PETRIE, GEORGE (1790-1866), Irish antiquary, was the son of James Petrie, a native of Aberdeen, who had settled in Dublin as a portrait and miniature painter. He was born in Dublin in January 1790, and was educated as an artist. Besides attaining considerable reputation as a painter of Irish landscape, he devoted much time to the illustration of the antiquities of the country. In 1828 he was appointed to conduct the antiquarian and historical section of the ordnance survey of Ireland. In 1832 he became editor of the Dublin Penny Journal, a periodical designed to disseminate information among the masses, to which he contributed numerous articles on the history of the fine arts in Ireland. Petrie may be regarded as the first scientific investigator of Irish archaeology, his contributions to which are also in themselves of much importance. His Essay on Round Towers, for which in 1830 he received the prize of the Irish Academy, still ranks as a standard work. Among his other contributions to Irish archaeology are his Essay on the Military Architecture oj Ireland and his History and Antiquities of Tar a Hill. He died on the 17th of January 1866.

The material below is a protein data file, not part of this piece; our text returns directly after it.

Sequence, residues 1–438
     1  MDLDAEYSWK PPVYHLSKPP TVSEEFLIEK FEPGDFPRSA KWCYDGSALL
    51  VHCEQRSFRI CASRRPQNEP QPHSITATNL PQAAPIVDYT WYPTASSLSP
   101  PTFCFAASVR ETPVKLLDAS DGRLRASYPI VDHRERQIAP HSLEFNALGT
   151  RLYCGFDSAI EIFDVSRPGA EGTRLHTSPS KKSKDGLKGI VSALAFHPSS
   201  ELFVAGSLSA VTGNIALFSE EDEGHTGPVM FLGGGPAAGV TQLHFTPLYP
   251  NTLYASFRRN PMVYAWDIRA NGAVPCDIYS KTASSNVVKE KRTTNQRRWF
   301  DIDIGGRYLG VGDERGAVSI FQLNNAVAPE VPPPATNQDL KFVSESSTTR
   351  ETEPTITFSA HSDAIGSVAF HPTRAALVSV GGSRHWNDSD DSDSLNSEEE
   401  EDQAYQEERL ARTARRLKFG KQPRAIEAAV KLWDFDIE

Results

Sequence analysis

See the Life and Labours in Art and Archaeology of George Petrie, by William Stokes (1868).
Note - this article incorporates content from Encyclopaedia Britannica, Eleventh Edition, (1910-1911)